Someone asked me what is in the oxtail stew that made it “Nyonya”. Well, oxtail stew has been around long before I was born. I grew up having oxtail stew on Sundays and public holidays when the extended family gathers. I remember huge pots of oxtail stew sitting on low charcoal stoves, bubbling away merrily while many hands come to scoop the delicious content. Roti Francis, that’s what we used to call the baguettes of yesteryears were unceremoniously torn apart and dipped into the rich fragrant gravy. The longer the pot sits on the stove, the better the flavour, hence it was a meal to be had at any hour of the day, from 11:00 am to 11:00 pm or until the stew runs out.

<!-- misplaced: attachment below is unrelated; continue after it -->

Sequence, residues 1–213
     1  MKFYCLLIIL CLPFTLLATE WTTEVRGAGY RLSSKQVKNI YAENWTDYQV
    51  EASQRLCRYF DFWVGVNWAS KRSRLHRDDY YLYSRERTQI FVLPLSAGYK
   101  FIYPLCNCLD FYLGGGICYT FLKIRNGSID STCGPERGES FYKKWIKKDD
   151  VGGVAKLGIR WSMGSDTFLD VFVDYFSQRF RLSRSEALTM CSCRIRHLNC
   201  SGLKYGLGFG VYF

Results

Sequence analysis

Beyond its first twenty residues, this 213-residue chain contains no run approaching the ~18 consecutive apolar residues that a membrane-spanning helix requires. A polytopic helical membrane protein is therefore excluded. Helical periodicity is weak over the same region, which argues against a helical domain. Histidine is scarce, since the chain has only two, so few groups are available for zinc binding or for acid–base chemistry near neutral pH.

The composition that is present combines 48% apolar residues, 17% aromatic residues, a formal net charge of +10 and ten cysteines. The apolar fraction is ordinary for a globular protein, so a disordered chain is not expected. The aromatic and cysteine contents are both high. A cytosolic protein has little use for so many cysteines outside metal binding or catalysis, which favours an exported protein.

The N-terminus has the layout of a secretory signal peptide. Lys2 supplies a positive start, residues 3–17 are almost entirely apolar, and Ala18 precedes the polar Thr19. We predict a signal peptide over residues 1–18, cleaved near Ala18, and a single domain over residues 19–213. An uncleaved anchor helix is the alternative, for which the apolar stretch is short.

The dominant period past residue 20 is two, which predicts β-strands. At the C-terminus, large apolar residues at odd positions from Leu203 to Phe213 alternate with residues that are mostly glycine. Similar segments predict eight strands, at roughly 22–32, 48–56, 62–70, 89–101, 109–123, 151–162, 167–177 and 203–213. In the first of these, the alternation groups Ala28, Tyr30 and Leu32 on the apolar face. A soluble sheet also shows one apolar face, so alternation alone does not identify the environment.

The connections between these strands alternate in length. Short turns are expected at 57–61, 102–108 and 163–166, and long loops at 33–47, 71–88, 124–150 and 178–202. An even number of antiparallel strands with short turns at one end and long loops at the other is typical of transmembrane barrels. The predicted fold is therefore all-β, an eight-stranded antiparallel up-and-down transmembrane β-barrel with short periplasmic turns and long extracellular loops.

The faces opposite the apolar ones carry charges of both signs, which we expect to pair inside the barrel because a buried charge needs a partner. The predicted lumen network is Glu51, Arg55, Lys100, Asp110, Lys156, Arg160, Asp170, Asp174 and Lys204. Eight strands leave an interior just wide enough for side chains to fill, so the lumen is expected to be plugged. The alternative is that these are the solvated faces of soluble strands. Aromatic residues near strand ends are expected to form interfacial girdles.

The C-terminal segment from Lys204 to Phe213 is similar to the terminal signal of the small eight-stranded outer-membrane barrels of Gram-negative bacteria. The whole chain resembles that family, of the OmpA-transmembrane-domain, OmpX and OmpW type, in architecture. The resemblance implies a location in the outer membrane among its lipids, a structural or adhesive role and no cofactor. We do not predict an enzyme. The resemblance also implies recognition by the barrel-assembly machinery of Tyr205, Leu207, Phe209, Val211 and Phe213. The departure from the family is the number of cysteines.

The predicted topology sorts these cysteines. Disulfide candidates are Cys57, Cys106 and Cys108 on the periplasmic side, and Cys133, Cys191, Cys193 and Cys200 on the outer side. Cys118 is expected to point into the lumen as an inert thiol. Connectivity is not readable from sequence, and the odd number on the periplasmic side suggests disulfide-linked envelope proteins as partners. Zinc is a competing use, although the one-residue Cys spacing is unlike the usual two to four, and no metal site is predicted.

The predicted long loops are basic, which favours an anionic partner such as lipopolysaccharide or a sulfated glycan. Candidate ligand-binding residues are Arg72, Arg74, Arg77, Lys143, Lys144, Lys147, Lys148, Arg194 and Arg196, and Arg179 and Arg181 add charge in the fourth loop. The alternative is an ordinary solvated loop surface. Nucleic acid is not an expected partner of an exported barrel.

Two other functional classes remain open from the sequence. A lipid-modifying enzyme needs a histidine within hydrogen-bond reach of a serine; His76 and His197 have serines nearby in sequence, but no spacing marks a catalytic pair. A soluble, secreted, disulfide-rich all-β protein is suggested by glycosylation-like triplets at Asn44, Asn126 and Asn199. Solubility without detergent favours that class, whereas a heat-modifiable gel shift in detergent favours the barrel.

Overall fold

So what makes the oxtail stew “Nyonya”? For a start, beef is not as popular as pork in a Peranakan household. The Chinese Peranakans do not take beef for some reason or other. But a number of Christian Peranakan families take beef and from them come beef pies, beef curry, oxtail stew, Cottage pies, roast beef ribs, etc. In my family oxtail stew is a must on holidays in anticipation of a deluge of relatives coming to visit. As the Chinese do not like the strong smell of beef, aromatic spices were dry roasted till fragrant and dropped into the stew to scent the gravy. At PeraMakan, a light rempah (spice paste) was made to form the base of the gravy. Shallots, garlic, ginger and lemongrass are ground till fine and marinated with the oxtail. Aromatic spices such as cinnamon stick, star anise, cloves and cardamom are added to the stock. The meat is then stewed for 2 – 3 hours on a low fire. When the oxtails are almost tender, we add the potatoes and carrots and stew for another half hour. The end result is a thick, fragrant and delicious gravy. Before serving, garnish with a generous bunch of chopped celery. Toast your baguettes, switch on your TV and enjoy this fantabulous meal.